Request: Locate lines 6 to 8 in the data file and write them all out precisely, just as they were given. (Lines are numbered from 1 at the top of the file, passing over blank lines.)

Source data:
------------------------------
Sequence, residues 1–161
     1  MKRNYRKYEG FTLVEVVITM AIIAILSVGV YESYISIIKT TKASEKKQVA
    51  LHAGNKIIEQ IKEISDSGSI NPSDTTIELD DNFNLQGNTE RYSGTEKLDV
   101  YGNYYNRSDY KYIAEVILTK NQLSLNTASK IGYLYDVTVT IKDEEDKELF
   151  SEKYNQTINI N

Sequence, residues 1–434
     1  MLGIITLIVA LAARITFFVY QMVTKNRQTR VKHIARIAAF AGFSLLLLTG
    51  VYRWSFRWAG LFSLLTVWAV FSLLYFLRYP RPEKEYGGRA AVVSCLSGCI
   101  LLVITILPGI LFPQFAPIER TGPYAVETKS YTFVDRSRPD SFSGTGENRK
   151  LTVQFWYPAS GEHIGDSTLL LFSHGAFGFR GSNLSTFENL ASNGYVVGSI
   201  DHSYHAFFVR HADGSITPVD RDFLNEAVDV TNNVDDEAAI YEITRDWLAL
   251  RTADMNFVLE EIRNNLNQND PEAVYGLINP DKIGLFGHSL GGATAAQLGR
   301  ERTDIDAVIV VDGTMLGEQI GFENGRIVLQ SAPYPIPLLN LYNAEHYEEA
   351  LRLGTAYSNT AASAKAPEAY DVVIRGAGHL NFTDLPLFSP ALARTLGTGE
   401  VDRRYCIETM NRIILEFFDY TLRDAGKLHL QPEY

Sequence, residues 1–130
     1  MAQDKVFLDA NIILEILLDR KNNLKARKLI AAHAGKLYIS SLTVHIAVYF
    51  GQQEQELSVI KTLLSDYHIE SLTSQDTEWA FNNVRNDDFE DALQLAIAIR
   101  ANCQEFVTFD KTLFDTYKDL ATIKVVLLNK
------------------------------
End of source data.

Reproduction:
Sequence, residues 1–434
     1  MLGIITLIVA LAARITFFVY QMVTKNRQTR VKHIARIAAF AGFSLLLLTG
    51  VYRWSFRWAG LFSLLTVWAV FSLLYFLRYP RPEKEYGGRA AVVSCLSGCI